Wisdom I've absorbed as a parent, preschool teacher and columnist rings true with lessons I've learned from an unlikely, unconditional source: our dog. Here's how:
My husband brought an orphaned puppy home after work nearly 11 years ago -- unannounced. He wondered whether his surprise was a mistake. But the pup, peering up from a mail crate in the front passenger seat, had me with her puddle-like brown eyes.
We named her Typo.
The first parenting lesson: Trust your gut feelings. If the concept of letting your child "cry it out" doesn't work for you, don't do it. But define a bottom line with your spouse. For example, baby starts out in a crib in your room but not in your bed.
Typo made nary a peep her first evening. When she finally cried overnight in her new nest, nobody heard her except me. I was relieved, though, that she felt safe enough to whimper. No way could her new mom let her cry.
A second lesson: Don't get caught up in the parent trap of comparing children's milestones. Who sleeps through the night first, who is potty-trained first, it all becomes a blur as your child grows up and new worries come into play.
Typo, a mix of Australian shepherd and chow, arrived house-trained at six weeks old thanks to her breed, but unlike her genius cousin canines, she never got beyond the commands of "sit, stay, shake." At prompts to find hidden objects or fetch, she just looks at you with her big brown eyes and crocks her head as if in wonder. Lots of unconditional love and soft fur but no rolling over, this girl.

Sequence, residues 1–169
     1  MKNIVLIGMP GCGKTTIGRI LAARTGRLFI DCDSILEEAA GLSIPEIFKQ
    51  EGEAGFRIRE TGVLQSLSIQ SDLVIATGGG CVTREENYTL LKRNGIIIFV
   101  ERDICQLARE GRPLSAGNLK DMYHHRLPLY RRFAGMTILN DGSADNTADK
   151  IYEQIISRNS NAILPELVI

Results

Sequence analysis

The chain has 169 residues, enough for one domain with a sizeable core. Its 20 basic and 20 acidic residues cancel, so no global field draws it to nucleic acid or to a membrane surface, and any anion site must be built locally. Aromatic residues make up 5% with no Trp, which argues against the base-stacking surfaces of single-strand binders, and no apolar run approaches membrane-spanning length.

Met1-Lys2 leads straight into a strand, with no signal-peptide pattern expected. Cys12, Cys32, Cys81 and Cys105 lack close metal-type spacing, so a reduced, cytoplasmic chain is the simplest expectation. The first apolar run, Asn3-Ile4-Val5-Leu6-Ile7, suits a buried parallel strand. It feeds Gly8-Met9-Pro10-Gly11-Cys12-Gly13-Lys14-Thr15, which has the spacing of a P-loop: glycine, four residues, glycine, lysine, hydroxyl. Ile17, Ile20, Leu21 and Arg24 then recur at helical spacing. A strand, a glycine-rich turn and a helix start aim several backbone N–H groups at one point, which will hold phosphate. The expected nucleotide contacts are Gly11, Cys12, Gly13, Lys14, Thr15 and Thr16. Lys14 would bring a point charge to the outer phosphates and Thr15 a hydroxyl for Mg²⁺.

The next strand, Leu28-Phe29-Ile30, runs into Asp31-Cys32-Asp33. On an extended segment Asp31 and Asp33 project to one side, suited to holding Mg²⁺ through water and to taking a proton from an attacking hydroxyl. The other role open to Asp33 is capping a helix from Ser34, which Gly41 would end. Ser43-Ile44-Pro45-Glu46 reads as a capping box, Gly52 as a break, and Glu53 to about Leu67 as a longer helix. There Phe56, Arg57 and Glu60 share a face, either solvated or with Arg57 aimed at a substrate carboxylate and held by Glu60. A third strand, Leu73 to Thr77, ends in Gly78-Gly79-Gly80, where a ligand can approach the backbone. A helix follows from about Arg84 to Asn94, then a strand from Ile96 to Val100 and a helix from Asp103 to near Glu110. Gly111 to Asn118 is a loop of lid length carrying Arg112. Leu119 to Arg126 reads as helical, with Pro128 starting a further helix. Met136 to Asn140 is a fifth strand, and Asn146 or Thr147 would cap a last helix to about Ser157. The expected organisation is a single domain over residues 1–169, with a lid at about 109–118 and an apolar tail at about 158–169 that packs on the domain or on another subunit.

A third lesson: Recognize with kids that if you use bribery to correct behavior, be prepared to pay up again and again. Instead of bribes, teach and model the behavior you want to see. Use praise and affection and you'll receive it in return.
Similar to a whining child who wants mom's attention, Typo is disruptive and barks when I'm on the phone in her area of our house. Unfortunately, she has learned from my mixed signals that if she barks while mom is on the phone, she gets a treat to hush her up.
A fourth: Set up a routine and train your own sensitivities to read your child's cues before she gets hungry, tired, anxious or overly stimulated. For our dog, certain barks mean certain things: one for food and several for the UPS deliverer, vs. the other extreme: Pacing and barking with anxiety over fireworks, kids coming at Halloween, or the worst: stormy nights. That's when she always breaks the rules and sneaks into our bedroom to sleep. We pretend not to notice.
A recent story about a border collie trained to recognize more than 1,000 nouns sparked me to break Lesson Two, about not comparing accomplishments. As a journalist, I got defensive. Although Typo is no wordsmith, she has ample-enough communication skills: Shoes on? She's at the ready by the back door. Jiggling keys mean a car ride. At the mention of "puppy camp," she whips into a frenzy; she loves to visit her kennel. "Matthew's here" means her "litter mate" from day one is home from college. And she well-knows the phrases "Daddy's home!" and "We'll come back." Because we always do.
Betsy Flagler, a journalist based in Davidson, N.C., is a mother and teaches preschool. Reach her at firstname.lastname@example.org.